June 17, 2009
Wealth Is a Choice: How to Choose Wisely
***** 5 Stars — Thoughtful Advice on Investing and Money Management
This book’s title “Wealth Is a Choice: How to Choose Wisely” says it all. Wealth is a choice. No one gets rich without making the decision to do so, whether it is deciding to buy a lottery ticket or pragmatically planning for retirement. The first thing people must do is make conscious decisions that they will have wealth and then set goals to achieve that wealth. Of course, the goals must be realistic, which rules out the lottery. In “Wealth Is a Choice” James Studinger provides valuable advice for setting realistic goals based on his own experiences and his many years of helping his clients increase their wealth.
Throughout “Wealth Is a Choice,” Studinger relates personal experiences—his childhood in Manistique, Michigan, his working for a firm that helped prison employees with managing their money in the Marquette Branch Prison, various firms he has worked for in Michigan, and examples of the clients he has helped to grow their wealth, as well as examples of clients who did not grow wealth and what held them back. He also tells his own story of personally learning how to handle his money so he was not in debt. He began writing “Wealth Is a Choice” because he wanted to leave his sons a money road map should anything happen to him. That idea grew into one of the best books on money management I have ever read.
“Wealth Is a Choice” stands out for many reasons. First of all, a lot I know about money I learned from Suze Orman. Her books and television show are fantastic about money management, but Orman and many others focus primarily on how to get out of debt, and how to save money by spending less. Studinger talks about debt briefly, but he notes that many good books already exist on the subject. His purpose is instead to help us learn how to grow our money, which is what I’ve most wanted to learn. I’m apparently one of the fortunate few in America not in debt who has always been good at saving money. My need has been trying to figure out what to do with the money I save—how to invest it, what to invest it in, how to know whether an investment will be good or bad.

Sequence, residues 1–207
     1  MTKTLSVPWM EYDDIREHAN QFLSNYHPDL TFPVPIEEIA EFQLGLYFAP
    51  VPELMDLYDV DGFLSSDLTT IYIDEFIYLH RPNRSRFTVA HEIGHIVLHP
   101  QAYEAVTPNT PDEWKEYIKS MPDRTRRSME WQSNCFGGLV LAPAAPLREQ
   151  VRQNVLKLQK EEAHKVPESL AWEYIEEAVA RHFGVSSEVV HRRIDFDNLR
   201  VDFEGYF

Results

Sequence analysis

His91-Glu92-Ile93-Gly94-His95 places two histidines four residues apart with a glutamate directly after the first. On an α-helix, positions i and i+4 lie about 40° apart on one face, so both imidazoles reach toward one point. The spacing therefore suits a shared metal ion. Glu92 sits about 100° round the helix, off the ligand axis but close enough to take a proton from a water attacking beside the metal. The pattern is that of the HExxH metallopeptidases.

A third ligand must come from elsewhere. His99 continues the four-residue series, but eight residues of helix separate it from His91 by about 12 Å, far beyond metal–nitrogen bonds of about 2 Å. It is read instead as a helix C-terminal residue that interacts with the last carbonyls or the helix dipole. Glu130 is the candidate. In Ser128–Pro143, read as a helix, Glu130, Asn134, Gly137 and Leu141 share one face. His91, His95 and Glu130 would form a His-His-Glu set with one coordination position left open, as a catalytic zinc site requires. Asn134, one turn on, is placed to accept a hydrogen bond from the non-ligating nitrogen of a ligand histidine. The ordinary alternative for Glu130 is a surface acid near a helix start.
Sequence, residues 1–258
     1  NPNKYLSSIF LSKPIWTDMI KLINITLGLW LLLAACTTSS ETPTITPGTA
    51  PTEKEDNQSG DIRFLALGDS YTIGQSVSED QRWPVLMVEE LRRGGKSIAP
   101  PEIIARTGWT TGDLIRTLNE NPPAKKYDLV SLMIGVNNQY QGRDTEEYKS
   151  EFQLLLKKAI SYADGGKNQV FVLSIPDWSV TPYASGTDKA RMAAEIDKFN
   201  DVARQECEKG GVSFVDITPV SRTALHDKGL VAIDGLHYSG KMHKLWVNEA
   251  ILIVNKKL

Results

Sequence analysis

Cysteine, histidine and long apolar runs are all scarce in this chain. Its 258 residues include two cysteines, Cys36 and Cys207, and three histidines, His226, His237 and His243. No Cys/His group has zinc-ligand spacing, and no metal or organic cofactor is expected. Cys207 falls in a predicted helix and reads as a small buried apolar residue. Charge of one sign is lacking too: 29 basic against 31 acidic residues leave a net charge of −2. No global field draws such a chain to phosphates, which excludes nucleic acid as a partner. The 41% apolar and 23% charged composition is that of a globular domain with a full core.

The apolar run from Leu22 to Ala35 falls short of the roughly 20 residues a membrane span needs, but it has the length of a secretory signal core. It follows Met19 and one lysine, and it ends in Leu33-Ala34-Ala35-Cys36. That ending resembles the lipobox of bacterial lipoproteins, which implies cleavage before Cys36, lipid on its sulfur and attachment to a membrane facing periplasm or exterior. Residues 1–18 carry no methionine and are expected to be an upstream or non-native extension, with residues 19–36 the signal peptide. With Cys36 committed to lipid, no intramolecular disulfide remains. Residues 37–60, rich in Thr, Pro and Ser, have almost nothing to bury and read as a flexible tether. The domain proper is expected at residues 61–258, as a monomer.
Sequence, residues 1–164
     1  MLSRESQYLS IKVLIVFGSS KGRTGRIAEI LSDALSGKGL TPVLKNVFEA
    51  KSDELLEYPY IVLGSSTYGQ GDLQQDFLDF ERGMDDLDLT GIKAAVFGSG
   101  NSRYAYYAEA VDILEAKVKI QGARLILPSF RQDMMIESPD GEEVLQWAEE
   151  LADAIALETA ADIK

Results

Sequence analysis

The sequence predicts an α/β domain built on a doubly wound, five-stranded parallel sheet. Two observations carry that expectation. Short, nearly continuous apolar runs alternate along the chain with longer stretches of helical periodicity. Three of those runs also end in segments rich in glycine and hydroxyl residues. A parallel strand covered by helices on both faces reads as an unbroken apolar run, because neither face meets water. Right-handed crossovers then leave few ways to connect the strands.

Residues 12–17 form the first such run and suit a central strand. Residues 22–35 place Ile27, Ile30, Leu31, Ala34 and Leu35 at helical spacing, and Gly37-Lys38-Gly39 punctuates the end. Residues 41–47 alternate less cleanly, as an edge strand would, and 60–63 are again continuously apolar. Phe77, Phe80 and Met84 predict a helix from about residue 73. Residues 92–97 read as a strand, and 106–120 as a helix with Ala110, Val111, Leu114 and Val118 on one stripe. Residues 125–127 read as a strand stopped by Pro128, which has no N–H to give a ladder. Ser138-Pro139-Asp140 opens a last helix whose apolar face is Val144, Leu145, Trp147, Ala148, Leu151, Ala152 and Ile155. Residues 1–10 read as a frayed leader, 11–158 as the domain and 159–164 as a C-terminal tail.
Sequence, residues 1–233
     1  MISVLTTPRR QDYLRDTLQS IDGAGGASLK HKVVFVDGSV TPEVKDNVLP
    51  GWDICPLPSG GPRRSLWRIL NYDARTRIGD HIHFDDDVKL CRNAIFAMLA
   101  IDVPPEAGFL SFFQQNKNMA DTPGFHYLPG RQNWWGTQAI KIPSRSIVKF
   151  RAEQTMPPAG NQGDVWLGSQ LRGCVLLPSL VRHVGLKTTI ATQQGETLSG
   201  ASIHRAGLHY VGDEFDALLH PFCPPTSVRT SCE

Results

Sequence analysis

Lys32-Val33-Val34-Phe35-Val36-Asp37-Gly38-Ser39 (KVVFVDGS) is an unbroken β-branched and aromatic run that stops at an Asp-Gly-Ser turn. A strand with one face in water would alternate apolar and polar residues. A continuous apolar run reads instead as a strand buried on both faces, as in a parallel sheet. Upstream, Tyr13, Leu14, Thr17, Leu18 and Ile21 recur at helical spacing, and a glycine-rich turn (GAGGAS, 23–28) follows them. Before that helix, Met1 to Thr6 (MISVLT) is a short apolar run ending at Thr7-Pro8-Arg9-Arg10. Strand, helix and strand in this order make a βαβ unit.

I have read books about mutual funds and stocks and how to determine which ones are likely to grow. Most of it I quickly forget. What was missing from the equation, and Studinger is the only author I know who has made this clear, is that the ultimate goal is to figure out how much you need to retire, and then to track your progress regularly toward that goal.
One point Studinger covers extensively, which cannot be underestimated, is the importance of finding a reliable advisor. He warns us that many advisors try to sell clients products based on how much commission they will receive rather than what is best for the client. He tells us to ask advisors upfront what the benefit is to them, while reminding us just because one investment will pay off for the advisor more than another, it doesn’t mean we shouldn’t choose the investment that will help the advisor more, we just also should choose what makes most sense for our investment needs. After all, advisors deserve to make a good living off their work provided they are giving their clients good advice. Studinger tells us to ask three basic questions of advisors before we make an investment: What is the rate of return? What is the risk? What is the cost?
Beyond finding a good advisor, Studinger suggests we find a good software program that allows us to track our investments. I have tried to track my investments by paper statements, making spreadsheets etc., but it is tedious and I never keep up with it. A software program sounds like the way to go. Studinger’s own wealth management firm, JPStudinger Group, provides a wealth management solution tool that is web-based so clients can track their investments. A video of this tool can be viewed at www.jpstudinger.com.
The only slight flaw I see in this book are the examples of wealthy clients Studinger uses. The majority of them have significant incomes ranging from $80,000 annually and upward. Most Americans do not have such incomes, so they might find such numbers intimidating. Unfortunately, it is people with such high incomes who will most likely be reading this book. However, the person who makes $30,000 a year will find the advice given just as useful. Don’t let the numbers intimidate you. A person’s current income does not have to determine whether someone has the choice to become wealthy. As Studinger points out, it’s about making good choices with the money you have that will make the difference.
“Wealth Is a Choice” is an easy to understand book. Unlike with many investment books, I never once felt lost or confused. Studinger writes in a straightforward style, and his honest advice leaves me with no doubt that he has the reader’s best interests at heart. He has great cartoons throughout the book to illustrate his discussion, and he uses effective analogies, including football offense and defense and archery anchor points to get his points across. I think male readers will especially be able to relate to his examples and find the advice practical.
Lots of people read about money or tell themselves someday they will get their finances together. This book will inspire people to do so. Many readers, after completing this book, will realize that wealth is a choice and be inspired to make that choice for themselves. I know “Wealth Is a Choice” has encouraged me to review my financial goals and plan better for retirement.
For more information about J.P. Studinger and “Wealth Is a Choice: How to Choose Wisely,” visit www.jpstudinger.com
— Tyler R. Tichelaar, Ph.D., author of the award-winning Narrow Lives
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